Carbon stock in Japanese forests has been greatly underestimated
Tomohiro Egusa*, Tomo’omi Kumagai, and Norihiko Shiraishi *Corresponding author
An accurate estimate of total forest carbon (C) stock and C uptake is crucial for predicting global warming scenarios and planning CO2 emission reductions. Forest inventory, based on field measurements of individual tree sizes, is considered the most accurate estimation method for forest C stock. Japan’s national forest inventory (NFI) provides stand-scale stem volume for the entire forested area based on (1) direct field measurements (m-NFI) and (2) prediction using yield tables (p-NFI). Here, we show that Japanese national and local forestry agencies and some research studies have used p-NFI and greatly underestimated the Japanese forest C stock (58–64%) and net annual C uptake (41–48%). This was because approximately 10% of the forest area was not counted in p-NFI and because the yield tables in p-NFI, which were constructed around 1970, were outdated. For accurate estimation of the forest C stock, yield tables used in p-NFI should be reconstructed or ideally field measurement campaigns for m-NFI should be continued. In the future, appropriate forest management plans are necessary to effectively use the high CO2 absorption capacity of Japanese forests and these should be compared with other industries’ CO2 reduction plans from a cost-benefit perspective.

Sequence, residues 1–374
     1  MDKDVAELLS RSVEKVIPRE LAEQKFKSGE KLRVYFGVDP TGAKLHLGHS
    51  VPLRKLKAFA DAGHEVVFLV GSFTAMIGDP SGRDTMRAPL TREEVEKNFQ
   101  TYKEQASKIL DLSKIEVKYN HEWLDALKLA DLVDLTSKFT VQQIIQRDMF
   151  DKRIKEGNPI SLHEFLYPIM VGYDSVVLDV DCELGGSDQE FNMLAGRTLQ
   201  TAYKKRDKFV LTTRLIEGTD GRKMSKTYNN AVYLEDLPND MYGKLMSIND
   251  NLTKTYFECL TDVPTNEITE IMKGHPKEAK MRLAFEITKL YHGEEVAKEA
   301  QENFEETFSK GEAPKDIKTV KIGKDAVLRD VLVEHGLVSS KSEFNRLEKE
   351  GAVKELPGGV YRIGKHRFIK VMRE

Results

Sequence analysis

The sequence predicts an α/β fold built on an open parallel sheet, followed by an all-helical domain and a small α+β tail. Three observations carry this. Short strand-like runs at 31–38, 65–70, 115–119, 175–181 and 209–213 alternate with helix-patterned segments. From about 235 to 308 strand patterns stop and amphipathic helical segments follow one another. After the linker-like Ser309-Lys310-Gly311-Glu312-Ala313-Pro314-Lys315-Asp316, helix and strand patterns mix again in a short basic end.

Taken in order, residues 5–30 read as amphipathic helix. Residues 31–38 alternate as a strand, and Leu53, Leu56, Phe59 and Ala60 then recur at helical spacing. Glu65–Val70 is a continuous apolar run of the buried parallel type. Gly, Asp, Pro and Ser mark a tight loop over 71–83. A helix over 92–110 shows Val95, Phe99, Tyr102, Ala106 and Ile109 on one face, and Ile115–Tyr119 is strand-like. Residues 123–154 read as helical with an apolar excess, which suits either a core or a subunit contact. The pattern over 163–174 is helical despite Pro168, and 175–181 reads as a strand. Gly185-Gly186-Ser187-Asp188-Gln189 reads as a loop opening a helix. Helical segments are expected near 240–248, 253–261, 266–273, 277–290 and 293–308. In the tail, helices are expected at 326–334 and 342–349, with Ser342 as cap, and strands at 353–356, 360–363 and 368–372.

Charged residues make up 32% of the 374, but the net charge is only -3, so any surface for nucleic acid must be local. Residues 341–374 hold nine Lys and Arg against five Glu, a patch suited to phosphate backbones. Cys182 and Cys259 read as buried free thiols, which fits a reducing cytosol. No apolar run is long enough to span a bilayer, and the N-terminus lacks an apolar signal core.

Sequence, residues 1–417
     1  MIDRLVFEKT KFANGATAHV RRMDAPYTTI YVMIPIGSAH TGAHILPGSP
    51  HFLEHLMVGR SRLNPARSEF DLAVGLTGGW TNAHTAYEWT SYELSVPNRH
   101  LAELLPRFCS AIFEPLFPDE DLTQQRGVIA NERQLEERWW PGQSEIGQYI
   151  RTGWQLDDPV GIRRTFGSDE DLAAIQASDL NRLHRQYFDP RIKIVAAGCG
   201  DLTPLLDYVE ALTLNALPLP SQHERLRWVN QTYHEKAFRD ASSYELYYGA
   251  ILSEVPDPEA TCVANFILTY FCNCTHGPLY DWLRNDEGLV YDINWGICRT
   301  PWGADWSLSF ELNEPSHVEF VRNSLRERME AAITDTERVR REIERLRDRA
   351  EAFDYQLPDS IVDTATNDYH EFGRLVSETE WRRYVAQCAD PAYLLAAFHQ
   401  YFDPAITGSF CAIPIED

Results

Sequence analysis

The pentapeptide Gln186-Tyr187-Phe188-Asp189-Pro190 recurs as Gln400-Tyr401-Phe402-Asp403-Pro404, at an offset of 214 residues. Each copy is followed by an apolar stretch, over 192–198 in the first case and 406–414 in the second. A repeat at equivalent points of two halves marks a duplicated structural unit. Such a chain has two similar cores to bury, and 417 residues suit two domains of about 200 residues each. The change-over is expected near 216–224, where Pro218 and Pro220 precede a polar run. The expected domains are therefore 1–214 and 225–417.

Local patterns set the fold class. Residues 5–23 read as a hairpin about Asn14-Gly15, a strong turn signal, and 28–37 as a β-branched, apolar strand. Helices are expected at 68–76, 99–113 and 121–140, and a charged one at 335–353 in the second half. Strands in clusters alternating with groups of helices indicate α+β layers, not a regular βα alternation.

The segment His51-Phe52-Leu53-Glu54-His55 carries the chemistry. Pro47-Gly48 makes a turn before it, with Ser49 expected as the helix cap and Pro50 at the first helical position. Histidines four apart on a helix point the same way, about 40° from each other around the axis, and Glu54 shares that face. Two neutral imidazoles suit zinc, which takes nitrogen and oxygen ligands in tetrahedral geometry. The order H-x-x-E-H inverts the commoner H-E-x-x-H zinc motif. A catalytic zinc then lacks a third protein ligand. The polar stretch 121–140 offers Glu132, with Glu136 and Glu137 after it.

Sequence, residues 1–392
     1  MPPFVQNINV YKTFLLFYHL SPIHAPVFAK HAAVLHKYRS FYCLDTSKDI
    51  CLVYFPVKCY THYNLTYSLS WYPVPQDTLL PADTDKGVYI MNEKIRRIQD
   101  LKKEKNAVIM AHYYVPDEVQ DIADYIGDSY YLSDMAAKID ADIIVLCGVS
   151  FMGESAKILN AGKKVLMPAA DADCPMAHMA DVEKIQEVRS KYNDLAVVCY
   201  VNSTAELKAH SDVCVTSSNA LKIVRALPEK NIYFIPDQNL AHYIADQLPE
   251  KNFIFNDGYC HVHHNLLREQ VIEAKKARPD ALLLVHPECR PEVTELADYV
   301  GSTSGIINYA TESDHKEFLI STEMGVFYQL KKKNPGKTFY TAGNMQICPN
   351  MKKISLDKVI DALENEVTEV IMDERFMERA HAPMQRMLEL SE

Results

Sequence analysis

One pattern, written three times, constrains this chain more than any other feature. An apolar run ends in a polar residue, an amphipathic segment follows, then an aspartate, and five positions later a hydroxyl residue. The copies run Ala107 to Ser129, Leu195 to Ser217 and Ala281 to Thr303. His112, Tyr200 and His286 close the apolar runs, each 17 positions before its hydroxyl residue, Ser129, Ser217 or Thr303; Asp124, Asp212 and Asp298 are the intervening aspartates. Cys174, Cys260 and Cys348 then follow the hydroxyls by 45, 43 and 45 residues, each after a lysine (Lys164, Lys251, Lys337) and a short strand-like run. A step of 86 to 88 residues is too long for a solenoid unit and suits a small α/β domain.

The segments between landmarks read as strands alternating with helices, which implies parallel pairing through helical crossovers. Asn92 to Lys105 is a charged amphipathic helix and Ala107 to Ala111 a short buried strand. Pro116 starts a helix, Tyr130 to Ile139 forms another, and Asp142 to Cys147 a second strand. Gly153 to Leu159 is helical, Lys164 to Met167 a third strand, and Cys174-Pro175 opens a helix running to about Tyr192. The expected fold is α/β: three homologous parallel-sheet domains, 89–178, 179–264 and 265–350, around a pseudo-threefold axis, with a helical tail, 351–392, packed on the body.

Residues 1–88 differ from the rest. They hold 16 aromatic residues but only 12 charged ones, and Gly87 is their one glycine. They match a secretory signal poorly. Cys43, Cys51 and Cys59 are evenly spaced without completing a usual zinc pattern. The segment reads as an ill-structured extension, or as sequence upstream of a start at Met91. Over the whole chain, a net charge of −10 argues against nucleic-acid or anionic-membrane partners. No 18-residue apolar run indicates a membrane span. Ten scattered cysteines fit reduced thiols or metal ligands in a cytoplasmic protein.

- : Scientific Reports
- : 10.1038/s41598-020-64851-2
- : https://www.nature.com/articles/s41598-020-64851-2